Yours truly has been a columnist in this newspaper since its very first edition (September 2, 2017) in four different incarnations – economic commentary in the form of the Dr Hale epistolary exchange, followed by series on the country’s provinces, international organisations in relation to Argentina and the various ministries of this administration – with gaps between each one of them. But this has been by far the longest: my ministerial series concluded last June 20, a date on which Argentina’s coronavirus deaths were still in three digits (979) with 39,750 confirmed cases – just turn to Page 3 and compare with the figures more than fortyfold higher there to see that the intervening period has been rather more than a lot of water flowing under the bridge since then, sadly enough.
And not just the loss of life (always the bottom line) but a whole range of disruptions at every level – one of which helps to explain this unduly long interval. My wife and I concluded the sale of our house on March 19, just the day before President Alberto Fernández announced lockdown, but were unable to move into our new flat overlooking the Botanical Gardens until November 23, almost 250 days later, due to various hassles (during that lengthy period we were technically squatters in our own home). At that late stage I needed every spare moment for the 2020 annual review which dominated last Saturday’s edition so no room for returning to a column – until now.
Anyway, a new year, a new column. The slug “And that reminds me…” should give the shrewd reader a pretty good clue as to the general concept – picking up a topic from current news and comparing it with past experience – but the authority for putting on this new mantle is far less clear and forces me into some self-importance which I would have preferred to avoid. The core basis for speaking from past experience with authority would be the 34 years I spent working for the late Buenos Aires Herald (27 of them in an editorial position) between 1983 and 2017, an entire generation – many readers will doubtless also have shared those years in Argentina and some might even have a better perspective since there is such a thing as being too close to the truth to see it, but the fact remains that my work involved following the news intensely on a day-by-day basis all that time.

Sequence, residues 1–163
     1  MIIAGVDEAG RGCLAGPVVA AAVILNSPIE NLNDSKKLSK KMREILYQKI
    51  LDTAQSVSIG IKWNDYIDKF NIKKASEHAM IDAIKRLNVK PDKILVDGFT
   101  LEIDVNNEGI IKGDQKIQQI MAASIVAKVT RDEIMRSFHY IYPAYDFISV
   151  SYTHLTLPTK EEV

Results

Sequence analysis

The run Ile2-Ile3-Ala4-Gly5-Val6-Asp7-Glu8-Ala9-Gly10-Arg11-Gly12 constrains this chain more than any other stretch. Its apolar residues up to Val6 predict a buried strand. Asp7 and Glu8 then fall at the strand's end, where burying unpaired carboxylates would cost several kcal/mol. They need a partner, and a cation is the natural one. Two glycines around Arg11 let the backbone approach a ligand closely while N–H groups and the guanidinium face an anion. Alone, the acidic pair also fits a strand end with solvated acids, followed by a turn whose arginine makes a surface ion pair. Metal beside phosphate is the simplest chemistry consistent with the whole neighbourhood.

Furthermore, for an informed comparison with yesteryear I am not limited to since 1983. I read history at the University of Cambridge (the best on the planet, according to the QS World University Rankings in some years) where I had tutors who gave me reading lists of at least 1,000 pages a week so my brain is crammed from youth with historical data and analysis which (like many people of advancing age) I remember much more clearly than many things which happened a short while ago.
Thus were the column topic of the week to be coronavirus, which it is almost bound to be sooner rather than later, I would not be limited to a comparison with swine flu, the A/H1N1 of 2009 (of which I actually do not have too many memories, because the current vice-president’s denialism was especially allergic when it came to nasty news like the 2012 Once rail tragedy on her watch, so she did a pretty good job in airbrushing swine flu out of the general news agenda) – I could write about the Black Death and Spanish Flu more knowledgeably than most.
Anyway enough in the way of introduction and definitely enough in the way of bragging. Time to get started, were it not for the fact that this presentation of the new column has already absorbed around two-thirds of the available space... today’s effort will have to serve as an appetiser for (hopefully) many more main courses to come.
Space, it should be underlined, is the only reason for not taking the plunge today because even though this early part of the year is often dubbed the “silly season,” there is no lack of topics where a comparison with the past would be highly instructive. Thus when it comes to the government’s budding conflict with the farming sector, it would be hard to find a pundit who does not mention at some point a feeling of déjà vu from the soy export duty showdown of 2008. And almost as frequent are the analysts who see Vice-President Cristina Fernández de Kirchner as at it again with her 2013 “democratisation of justice” when it comes to the government’s insistent judicial reform initiatives which seem so out of sync with any normal pandemic priorities.
As for the “silly season,” this was overtaken by the pace of modern life long before lockdown. In my first few years at the Herald, everybody did seem to be away in Mar del Plata or Punta deI Este with nothing really happening all summer but this was already changing in 1988 with the Monte Caseros Army mutiny, followed by the La Tablada bloodbath the following January with the Bonex Plan at the other end of 1989. Political instability hit rock-bottom at this time of year with five presidents in the fortnight of the transition from 2001 to 2002 – not every summer has been eventful in the last three decades, but it can no longer be blocked out of the news calendar.
Finally, I’d like to close this column with a tribute to my old Oxbridge comrade Carlos Escudé, who died of Covid-19 at the tail-end of the annus horribilis of 2020. Argentina has more than its fair share of brilliant individuals and I met many of them in three decades of journalism, but I’d be stretched to come up with as truly an original mind as Carlos. His obituaries give him various labels such as international expert and foreign policy advisor but in the final analysis he was just Carlos Escudé (although in his last years he gave himself some Hebrew name in order to accompany the religion he embraced to honour his rabbinical beard). This would be the moment to extend condolences to his wife Mónica but she predeceased him by a few weeks. A real tragedy.